Review of the Book:
"The author has chosen the astonishing iconographical image of Ardhanarishvara, Shiva and Parfati uniteddd in a single figure, to illustrate the inner significance of the myth, and has also, in an act of bold philosophic imagination, used this image to highlight the basic tenets of Kashmir Shaivism."..Dr. Karan Singh.
About the Author:
Harsha V. Dehejia has doctorate in Medicine and Ancient Indian Culture from Bombay University. He is also a member (by examination) of the Royal College of Physicians of London and Glasgow as well as Canada. He is a practising physician and Adjunct Professor in the Department of Religion of Carleton University in Ottawa, Ontario, Canada. He is married to Sudha and has two sons Vivek and Rajeev, both of whom are economists.
The glory of Hindu philosophy lies in its many splendoured and multiple approaches to the divine. Hinduism is the only religion in the world not based upon the teachings of single individual or text which means that it is not pegged to any rigid formulation of the spiritual path but rather represents the collective wisdom of seers and sages down from the Vedic age at least five thousand years ago to our own day. Hinduism thus provides a unique spectrum of approaches to spiritual striving and aspiration.
Some schools of thought posit an absolute which is beyond name and form. Sankara’s advaita being the most powerful exposition of this path. However there is a profusion of other brilliant expositions by great Acaryas or teachers such as greatest exponent of what has come to be known as Kasmir Saivism. This creative reinterpretation of the eternal truths embodied in the Vedas and Upanisads continues down to own century when spiritual giants like Swami Vivekananda Sri Raman Maharsi and Sri Aurobindo made their unique contribution to the unfolding panorama of Hindu Philosophy.
It is important to understand that Indian philosophy is not merely an intellectual gymnastic but revolves around a cluster of intellectual physical and spiritual disciplines which should lead to a sharpening and clarifying of consciousness and finally to spiritual realisation. The Sanskrit word for philosophy is darsana which means to see not merely to think or to rationate. Indeed philosophy devoid of spiritual content is looked upon in the entire eastern tradition as a dry and ultimately sterile intellectualism.
Kasmir Saivism can be described as the most prominent system
in what is known as the Tantric tradition. Tantra, which is in some ways a progression from Vedãntic thinking, involves not a negation of life, but rather a positive life-affirmation, seeking to promote a set of values which are ethically good as well as pleasant to the individual. The long and interesting history of Tantra shows that while it is based upon Vedic foundations, it has incorporated a number of other lesser known but extremely virile traditions, which over the centuries, developed in various parts of India and Nepal. The central concept of Kamir aivism is that Siva is not only the creator of the universe but also permeates its every atom, so that the world is not to be wished away as an illusion but cherished as the voluntary manifestation of the power and glory of the divine. The formless, blissful Siva, becoming the universe, involves what is known as spanda or vibration, which is why Kasmir Saivism is also called Spandacasrra.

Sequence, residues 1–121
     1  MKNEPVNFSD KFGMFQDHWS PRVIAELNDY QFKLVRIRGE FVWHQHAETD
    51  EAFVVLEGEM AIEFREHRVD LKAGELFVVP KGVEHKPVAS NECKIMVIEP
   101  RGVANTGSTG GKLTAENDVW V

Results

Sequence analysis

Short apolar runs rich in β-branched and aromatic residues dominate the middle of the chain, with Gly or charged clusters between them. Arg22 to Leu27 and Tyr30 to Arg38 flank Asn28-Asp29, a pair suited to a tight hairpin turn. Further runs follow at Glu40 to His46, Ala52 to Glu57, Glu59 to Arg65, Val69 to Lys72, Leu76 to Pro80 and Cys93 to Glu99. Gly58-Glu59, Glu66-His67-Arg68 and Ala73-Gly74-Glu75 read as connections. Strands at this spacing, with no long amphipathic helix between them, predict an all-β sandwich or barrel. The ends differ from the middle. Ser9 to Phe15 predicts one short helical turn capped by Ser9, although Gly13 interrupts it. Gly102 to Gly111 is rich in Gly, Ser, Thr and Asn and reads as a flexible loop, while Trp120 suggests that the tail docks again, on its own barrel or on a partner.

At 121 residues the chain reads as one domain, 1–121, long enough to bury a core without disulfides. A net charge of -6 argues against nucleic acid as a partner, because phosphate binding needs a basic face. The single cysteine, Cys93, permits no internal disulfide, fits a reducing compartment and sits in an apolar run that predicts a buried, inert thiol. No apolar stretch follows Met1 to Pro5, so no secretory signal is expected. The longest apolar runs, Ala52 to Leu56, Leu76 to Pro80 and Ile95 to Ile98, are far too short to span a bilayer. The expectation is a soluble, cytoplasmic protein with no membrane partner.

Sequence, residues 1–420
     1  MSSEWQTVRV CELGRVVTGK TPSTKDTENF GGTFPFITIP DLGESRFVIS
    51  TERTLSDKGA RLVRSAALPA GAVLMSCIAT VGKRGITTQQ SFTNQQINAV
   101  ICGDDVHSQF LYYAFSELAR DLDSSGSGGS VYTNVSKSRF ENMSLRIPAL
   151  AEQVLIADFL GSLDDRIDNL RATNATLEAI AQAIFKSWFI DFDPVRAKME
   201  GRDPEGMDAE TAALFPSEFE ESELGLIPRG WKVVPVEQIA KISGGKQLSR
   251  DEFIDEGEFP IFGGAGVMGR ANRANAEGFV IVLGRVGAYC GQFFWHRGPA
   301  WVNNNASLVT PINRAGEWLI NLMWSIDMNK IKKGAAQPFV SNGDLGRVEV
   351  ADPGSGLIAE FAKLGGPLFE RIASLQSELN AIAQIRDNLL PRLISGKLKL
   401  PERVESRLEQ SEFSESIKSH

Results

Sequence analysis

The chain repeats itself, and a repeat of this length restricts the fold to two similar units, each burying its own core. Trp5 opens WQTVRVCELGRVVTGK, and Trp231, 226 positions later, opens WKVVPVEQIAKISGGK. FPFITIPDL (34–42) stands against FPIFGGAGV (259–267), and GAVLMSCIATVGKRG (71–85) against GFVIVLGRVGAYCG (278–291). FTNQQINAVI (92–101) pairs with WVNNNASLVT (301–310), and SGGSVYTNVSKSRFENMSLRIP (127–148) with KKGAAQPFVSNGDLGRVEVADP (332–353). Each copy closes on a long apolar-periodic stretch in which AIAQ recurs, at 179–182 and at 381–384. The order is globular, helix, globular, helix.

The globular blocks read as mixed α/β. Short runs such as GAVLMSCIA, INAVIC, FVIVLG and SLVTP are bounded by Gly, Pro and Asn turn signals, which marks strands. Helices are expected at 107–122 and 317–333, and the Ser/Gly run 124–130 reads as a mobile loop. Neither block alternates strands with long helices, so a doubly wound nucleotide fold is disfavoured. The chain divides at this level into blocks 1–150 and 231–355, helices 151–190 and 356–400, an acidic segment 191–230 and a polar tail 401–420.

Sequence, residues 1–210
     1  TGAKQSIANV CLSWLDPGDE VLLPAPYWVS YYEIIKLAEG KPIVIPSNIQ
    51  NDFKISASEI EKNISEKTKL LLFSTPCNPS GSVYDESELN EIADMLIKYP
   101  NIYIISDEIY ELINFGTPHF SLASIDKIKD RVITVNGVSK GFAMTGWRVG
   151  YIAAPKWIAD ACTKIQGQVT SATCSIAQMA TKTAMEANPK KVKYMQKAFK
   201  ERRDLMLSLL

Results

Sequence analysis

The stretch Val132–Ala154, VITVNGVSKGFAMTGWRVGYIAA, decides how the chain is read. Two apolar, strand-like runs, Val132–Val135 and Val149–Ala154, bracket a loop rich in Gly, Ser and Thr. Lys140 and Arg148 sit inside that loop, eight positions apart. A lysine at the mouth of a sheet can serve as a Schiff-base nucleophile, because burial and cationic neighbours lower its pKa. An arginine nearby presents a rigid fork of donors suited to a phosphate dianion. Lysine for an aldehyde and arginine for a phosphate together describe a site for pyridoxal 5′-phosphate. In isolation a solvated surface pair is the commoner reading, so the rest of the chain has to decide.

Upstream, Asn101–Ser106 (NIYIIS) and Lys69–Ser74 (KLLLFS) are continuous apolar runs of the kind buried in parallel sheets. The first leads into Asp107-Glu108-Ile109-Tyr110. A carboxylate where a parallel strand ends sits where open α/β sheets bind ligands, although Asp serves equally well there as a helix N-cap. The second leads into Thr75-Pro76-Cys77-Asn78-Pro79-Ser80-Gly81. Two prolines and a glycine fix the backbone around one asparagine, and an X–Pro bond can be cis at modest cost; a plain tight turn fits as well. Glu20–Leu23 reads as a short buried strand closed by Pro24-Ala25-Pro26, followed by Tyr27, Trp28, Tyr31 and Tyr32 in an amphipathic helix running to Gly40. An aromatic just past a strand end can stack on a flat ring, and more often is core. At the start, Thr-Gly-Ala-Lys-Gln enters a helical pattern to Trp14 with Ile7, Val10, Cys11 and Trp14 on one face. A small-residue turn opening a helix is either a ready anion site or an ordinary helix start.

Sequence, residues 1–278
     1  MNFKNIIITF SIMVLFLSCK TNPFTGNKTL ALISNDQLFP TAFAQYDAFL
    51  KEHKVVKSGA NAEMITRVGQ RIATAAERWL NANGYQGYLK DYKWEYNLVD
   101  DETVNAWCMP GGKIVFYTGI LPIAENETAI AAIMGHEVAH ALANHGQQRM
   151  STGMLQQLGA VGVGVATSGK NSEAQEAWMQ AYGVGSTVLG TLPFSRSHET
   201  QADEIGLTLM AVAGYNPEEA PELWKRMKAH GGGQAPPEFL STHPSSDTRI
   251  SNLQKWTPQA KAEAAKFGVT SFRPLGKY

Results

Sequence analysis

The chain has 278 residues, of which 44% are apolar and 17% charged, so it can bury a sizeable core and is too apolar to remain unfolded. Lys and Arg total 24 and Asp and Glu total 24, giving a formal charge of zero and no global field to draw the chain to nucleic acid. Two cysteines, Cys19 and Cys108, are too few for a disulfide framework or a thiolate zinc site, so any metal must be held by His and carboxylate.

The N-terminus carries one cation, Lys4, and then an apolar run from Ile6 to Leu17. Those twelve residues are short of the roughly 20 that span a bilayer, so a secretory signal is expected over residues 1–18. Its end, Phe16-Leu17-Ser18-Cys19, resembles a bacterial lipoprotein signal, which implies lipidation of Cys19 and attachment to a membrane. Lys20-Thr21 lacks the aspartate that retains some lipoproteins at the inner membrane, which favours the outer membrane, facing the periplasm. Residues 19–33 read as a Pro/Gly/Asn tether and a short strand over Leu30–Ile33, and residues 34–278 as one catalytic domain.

The first significant series of texts and studies on Kasmir Saivism were brought out during my father’s reign in the late 1920s and early 1930s. It is now heartening to see a renewed interest by modem scholars in this fascinating school of Hindu philosophy. The present work by Dr. Harsha V. Dehejia approaches the basic tenets of Kasmir Saivism through the central myth of the marriage of Siva and Pãrvati, representing the union of the blissful, formless spirit with the dynamic energy that permeates the universe. This is a myth full of symbolic significance, and is reflected throughout the Hindu tradition in various forms literary as well as iconographical. The famous Madurai sculpture of Visnu giving Parvati’s hand in marriage to Siva is a classic example of this, as also the shrine of Suddha Mahãdeva near Jammu where, according to legend, the marriage actually took place.
The author has chosen the astonishing iconographical image of Ardhanarisvara, Siva and Parvati united in a single figure— half male and half female, to illustrate the inner significance of the myth, and has also, in an act of bold philosophical imagination, used this image to highlight the basic tenets of Kãmir Saivism, and has brought home the fact that this is often referred to as the Yoga of delight or the Yoga of art, and involves a transmutation of consciousness, not by a process of negation, but by a joyous affirmation. He was focused our attention upon the mirror in Parvati’s hand in which seeing his own consciousness reflected Siva attains integrality which then results in the creation and sustenance of what the Upanisads call this magnificent universe.
An even more dramatic symbol is the glorious iconography of Siva Natraja Lord of the cosmic Dance a syncretic image which includes creation (the drum) destruction (the fire) preservation (the upraised hand) and the liberating wisdom. Here again the creativity symbolic duality between the male and female elements are symbolized by the fact that in one ear Nataraja wears a male earing and in the other a female one. Perhaps in his next book Dr. Dehejia could use this great figure to further exposit the joyous and life affirming philosophy of Kasmir Saivism. Meanwhile I have pleasure in commending parvatidarpana to all those who are interested in Hindu philosophy and its creative interpretations.
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